“What? What are you talking about?”

He reminded me that in Wisconsin, you can take your kids to any bar. It’s like owning a gun. It’s your god-given libertarian right to mess up your life with firearms or alcohol or whatever you want. As long as you don’t need an abortion.

I told the Farmer no. And that he’s insane to think we are going to the bar. I mean, the next thing you know the kids will grow up and run a meth lab.

You know where we saw US women’s soccer win? The bar.

I told my kids no Sprite. I let them drink soda on special occasions but I didn’t want them to associate bars with great drinks. That’s where I drew the line.

I have to say though that the bar was great. It turns out that all the games the drunkards like are games that kids like. And all the food that goes well with beer also goes well with TV.

Which brings me back to my editor. He is having a breakdown and he told me he needed a coaching session.

I said, “Okay. I charge $250 an hour.”

I told him I was just kidding. I told him he gets the friends and family discount (free) even though he tells me all my posts suck.

(Wait. Please, before 500 of you email me asking for the friends and family discount, unless I have been to a bar mitzvah that you either chanted in or paid for then you don’t count as family or my friend and you don’t get a discount.)

So he tells me that he hates his job.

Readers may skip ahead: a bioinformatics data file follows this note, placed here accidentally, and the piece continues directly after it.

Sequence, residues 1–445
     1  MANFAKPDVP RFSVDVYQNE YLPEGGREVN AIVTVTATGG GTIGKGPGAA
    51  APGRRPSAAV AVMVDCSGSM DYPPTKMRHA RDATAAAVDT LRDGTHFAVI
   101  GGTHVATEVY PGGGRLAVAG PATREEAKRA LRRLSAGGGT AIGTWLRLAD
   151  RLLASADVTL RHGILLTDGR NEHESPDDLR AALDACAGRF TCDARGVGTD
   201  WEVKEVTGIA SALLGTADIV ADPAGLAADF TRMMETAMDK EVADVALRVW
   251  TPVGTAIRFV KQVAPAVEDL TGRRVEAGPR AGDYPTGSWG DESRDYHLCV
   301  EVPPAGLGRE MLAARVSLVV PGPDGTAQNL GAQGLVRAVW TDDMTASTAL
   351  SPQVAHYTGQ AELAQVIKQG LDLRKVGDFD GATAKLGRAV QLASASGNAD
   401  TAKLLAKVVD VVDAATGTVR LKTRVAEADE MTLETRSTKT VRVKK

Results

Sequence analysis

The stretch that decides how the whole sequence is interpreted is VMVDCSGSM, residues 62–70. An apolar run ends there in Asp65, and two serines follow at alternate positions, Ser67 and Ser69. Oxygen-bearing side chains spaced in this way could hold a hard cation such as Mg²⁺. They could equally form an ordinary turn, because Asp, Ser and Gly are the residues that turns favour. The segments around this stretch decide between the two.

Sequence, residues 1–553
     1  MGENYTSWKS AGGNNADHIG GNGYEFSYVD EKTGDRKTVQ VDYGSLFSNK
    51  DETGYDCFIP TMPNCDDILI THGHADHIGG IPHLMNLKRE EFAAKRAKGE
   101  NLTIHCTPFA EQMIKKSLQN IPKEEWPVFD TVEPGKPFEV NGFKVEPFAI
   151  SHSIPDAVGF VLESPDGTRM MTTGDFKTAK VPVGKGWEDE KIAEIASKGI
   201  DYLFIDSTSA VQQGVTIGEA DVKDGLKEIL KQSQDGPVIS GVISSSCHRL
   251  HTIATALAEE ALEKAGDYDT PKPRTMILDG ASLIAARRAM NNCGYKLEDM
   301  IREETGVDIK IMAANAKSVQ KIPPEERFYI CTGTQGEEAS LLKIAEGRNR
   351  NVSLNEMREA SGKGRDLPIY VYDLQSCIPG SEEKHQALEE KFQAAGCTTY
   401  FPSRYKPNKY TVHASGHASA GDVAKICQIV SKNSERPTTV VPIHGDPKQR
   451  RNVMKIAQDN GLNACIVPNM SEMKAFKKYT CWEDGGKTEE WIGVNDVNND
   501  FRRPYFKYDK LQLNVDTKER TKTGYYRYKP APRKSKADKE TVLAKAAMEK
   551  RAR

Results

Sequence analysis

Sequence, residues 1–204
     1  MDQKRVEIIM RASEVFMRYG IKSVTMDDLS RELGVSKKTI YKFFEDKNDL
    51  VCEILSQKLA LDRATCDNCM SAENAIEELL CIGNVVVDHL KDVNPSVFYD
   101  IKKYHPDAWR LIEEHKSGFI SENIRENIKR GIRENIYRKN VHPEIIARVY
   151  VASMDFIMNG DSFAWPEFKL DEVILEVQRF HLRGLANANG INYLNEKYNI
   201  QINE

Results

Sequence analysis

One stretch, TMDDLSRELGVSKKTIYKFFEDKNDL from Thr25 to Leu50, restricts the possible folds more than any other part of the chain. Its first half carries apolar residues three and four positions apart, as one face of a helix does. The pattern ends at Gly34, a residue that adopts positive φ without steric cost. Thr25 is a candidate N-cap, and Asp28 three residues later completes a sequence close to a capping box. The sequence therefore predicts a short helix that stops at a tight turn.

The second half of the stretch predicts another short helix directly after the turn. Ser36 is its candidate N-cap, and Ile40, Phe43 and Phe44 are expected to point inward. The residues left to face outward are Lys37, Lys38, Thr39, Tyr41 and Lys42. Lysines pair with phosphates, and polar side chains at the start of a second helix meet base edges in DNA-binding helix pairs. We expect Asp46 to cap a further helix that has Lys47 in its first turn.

“How can you hate your job? You are a compliance enforcer, which is perfect for your controlling nature. And you have tons of time to edit my posts during the day.”

“I don’t try at anything I do.”

“Really? I thought the only time you did that was when you worked for me.”

“No. It’s just that you were the only boss who ever noticed.”

“Why don’t you try harder?”

“I don’t know. I’ve been telling myself I have to care, that I should be able to care. I’ve been telling myself not to check out just because I can.”

Now there is a big part of the conversation I am not writing, where he talks about his home life falling apart because, basically, he is an asshole to his wife, inadvertently, because he checks out every time marriage gets even a little bit hard.

So I say, “Why are you such an asshole to her?”

He says, “I don’t know. I’ve tried talk therapy. I know I don’t want to be like this. I want to care more. I love her so much.”

That’s my cue. I know that if you want to care and you can’t care it’s probably depression. So I told him to get medication. It turns out that I was not the first person to suggest medication. He had a mother with a mental disorder (example: she left him alone in the house for whole days at a time when he was four). And a lot of people with very poor parenting are chronically depressed.

So he finally took the advice he’d been getting for a while. And he says he is happier. And although he has not expressed that in the editing of my posts, I believe him. Because in five years I have never heard him so upbeat about himself or the future.

We have a rule with my blog posts that if they are not useful to the reader then they go in my diary, not on the blog. The blog is a conversation where I am useful to the reader in exchange for me having someone to talk to.

So my editor is going to ding this post if I don’t get useful right now: You have to take advice. A lot of people want to do things alone, they know everything. Other peoples’ ideas are stupid. But I have to tell you that the reason I do so well in life even though I’m not always conventional or tolerable or right. I take advice really well.

I let my editor cut my posts.

I let Melissa tell me how to use Pinterest.

I let the Farmer tell me when I’m acting like a rich-kid snot-face and I should get off my high horse.

And it’s not just me. Everyone can benefit from listening to other people’s advice. Look: My editor is happy and he’s letting me run my post.